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Submitted by Patricio V Marquez on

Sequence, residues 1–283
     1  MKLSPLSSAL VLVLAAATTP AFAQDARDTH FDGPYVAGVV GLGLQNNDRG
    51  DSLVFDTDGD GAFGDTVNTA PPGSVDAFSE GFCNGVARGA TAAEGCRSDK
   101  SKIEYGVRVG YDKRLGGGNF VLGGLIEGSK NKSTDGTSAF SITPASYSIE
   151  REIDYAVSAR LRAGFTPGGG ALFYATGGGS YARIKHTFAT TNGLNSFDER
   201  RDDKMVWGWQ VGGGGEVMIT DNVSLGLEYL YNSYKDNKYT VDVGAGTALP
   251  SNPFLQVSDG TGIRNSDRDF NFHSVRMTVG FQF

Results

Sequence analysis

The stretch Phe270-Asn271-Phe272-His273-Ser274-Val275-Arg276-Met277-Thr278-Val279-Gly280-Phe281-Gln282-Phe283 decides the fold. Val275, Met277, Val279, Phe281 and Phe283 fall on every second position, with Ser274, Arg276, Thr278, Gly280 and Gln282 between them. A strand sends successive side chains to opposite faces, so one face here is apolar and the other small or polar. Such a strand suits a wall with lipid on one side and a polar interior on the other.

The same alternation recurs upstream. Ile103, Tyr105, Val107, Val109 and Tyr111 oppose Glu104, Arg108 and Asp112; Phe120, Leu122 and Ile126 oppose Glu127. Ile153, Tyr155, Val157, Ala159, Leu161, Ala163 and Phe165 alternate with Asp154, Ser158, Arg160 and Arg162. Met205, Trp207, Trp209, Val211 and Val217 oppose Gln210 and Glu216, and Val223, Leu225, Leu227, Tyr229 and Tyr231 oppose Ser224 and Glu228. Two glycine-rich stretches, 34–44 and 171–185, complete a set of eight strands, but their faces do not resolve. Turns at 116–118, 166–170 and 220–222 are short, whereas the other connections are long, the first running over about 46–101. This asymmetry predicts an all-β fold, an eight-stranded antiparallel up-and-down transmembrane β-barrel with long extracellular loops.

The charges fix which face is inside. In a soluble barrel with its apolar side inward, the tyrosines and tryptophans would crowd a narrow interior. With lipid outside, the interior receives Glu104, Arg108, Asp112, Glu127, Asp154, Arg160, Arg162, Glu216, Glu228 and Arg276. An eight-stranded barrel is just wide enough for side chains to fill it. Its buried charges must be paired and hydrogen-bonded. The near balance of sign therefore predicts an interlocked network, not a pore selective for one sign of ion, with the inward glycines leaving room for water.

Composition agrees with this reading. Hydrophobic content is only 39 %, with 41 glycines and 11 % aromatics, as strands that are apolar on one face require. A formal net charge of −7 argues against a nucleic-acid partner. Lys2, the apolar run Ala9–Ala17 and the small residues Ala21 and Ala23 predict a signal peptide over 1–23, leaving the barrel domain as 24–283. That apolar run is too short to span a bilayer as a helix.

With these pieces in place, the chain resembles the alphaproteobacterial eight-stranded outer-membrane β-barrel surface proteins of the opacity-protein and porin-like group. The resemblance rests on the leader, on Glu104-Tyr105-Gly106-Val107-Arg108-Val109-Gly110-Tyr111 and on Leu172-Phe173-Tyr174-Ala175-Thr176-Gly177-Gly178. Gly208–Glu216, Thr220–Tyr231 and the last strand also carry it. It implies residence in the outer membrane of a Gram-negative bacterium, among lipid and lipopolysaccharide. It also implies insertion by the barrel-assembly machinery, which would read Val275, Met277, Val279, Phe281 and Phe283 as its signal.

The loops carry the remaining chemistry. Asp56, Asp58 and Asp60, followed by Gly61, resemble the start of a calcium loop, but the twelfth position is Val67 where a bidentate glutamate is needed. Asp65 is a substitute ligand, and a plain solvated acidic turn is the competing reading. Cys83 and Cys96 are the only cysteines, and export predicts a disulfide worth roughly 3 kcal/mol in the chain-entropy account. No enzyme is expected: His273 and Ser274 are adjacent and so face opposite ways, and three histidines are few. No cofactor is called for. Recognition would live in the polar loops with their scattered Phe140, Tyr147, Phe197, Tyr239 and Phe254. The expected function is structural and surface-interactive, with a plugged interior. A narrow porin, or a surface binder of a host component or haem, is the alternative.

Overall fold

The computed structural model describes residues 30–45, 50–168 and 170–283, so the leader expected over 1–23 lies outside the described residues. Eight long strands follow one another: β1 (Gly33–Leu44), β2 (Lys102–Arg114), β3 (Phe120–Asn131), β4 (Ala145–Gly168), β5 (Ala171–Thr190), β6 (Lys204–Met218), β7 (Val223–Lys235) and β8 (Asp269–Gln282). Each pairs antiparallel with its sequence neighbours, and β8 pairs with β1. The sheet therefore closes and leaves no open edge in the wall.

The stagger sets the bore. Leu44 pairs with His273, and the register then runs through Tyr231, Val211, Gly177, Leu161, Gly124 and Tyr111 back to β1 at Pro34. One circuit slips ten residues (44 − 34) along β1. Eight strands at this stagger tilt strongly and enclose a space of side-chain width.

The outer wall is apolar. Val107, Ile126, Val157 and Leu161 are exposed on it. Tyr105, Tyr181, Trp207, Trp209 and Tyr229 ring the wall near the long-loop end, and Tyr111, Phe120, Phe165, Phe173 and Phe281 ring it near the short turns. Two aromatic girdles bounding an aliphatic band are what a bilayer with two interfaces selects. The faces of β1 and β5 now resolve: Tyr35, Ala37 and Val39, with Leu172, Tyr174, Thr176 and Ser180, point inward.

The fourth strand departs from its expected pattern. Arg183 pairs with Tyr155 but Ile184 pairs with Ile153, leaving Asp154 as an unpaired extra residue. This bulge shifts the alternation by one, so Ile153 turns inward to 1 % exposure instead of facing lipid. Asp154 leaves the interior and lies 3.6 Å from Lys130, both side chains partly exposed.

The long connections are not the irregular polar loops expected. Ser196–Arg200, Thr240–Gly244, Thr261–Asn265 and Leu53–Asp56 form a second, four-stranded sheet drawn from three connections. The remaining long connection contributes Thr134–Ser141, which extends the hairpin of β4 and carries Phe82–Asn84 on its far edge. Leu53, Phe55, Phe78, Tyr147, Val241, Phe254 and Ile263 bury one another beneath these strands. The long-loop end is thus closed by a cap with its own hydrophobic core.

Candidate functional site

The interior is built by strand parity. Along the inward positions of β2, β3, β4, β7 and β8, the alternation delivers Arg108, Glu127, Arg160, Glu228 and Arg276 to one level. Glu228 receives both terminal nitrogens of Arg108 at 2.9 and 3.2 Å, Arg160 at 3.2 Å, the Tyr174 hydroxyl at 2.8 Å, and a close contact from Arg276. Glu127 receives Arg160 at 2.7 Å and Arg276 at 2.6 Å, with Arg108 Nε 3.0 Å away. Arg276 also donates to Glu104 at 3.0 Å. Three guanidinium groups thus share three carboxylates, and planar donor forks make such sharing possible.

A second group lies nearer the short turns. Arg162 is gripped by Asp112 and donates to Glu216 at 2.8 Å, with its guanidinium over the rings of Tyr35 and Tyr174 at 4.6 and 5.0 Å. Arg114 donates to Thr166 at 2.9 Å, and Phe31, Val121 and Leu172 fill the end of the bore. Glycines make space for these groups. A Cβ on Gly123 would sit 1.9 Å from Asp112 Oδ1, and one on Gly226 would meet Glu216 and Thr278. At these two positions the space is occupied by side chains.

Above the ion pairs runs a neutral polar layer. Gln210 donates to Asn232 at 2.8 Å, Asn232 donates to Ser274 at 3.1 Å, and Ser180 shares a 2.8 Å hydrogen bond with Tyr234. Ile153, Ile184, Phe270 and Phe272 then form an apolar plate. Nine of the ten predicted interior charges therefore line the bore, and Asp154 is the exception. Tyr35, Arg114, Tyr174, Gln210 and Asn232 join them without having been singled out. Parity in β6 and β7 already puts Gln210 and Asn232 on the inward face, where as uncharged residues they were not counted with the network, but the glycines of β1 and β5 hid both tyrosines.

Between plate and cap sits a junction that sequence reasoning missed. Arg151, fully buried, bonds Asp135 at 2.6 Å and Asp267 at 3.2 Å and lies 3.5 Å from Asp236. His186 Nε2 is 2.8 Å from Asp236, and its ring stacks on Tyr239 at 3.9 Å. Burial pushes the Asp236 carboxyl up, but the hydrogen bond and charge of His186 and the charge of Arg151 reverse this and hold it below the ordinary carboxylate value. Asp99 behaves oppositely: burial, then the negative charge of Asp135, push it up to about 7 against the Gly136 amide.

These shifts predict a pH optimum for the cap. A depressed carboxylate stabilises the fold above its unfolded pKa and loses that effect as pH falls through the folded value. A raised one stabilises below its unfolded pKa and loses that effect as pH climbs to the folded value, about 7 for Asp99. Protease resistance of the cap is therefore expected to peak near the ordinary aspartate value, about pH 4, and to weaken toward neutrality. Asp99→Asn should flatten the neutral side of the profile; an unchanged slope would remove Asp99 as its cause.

Greetings from Angola. Good points overall. However, as argued on previous blogs in this site, I would caution falling into the traditional false dichotomy between prevention vs. medical care, as both complement and reinforce each other. Rather, given the dual burden of disease, there is a need to think how a health system is structured following a continuum of care approach, anchored on a strong and well functioning primary care level--indeed, given technological developments in the medical field, many conditions that required in the past lengthy hospitalization now can be dealt effectively on an ambulatory basis at a lower cost and more comfort for the patient. Also, we need to keep in mind that often in spite of all the prevention efforts, some people are going to have heart attacks or develop a cancer, which requires medical care at the hospital level. And, let's not forget that if you diagnose a condition at the primary care level--for example, cervical cancer, and if this condition is advanced then you need to refer the patient to be treated at more specialized levels of care--otherwise why to diagnose a condition in the first place? In addition, it is important to be clear that life style behaviors and their social determinants require multisectoral interventions that are beyond the health system. As you suggested, "sin taxes" are effective fiscal measures among other multisectoral interventions but the goal in adopting them is to make, for example, tobacco products unaffordable--only in that way they will generate the expected public health benefits. So this requires not only a high level of excise taxation on tobacco products (e.g., 70-80% of the total price of the product), but also careful assessment of the type of excise tax to be adopted in accordance to the goal to be pursued, and strong tax administration, complemented by regulatory and education measures such as smoke-free public spaces, media campaigns, and smoking cessation counseling at the health facility. The attached further elaborates some of the above points: Ending the Communicable and Non-communicable Disease Divide in Africa http://blogs.worldbank.org/africacan/ending-the-communicable-and-non-communicable-disease-divide-in-africa Sub-Saharan Africa: How can we avoid the disease silos trap? http://blogs.worldbank.org/health/sub-saharan-africa-how-can-we-avoid-the-disease-silos-trap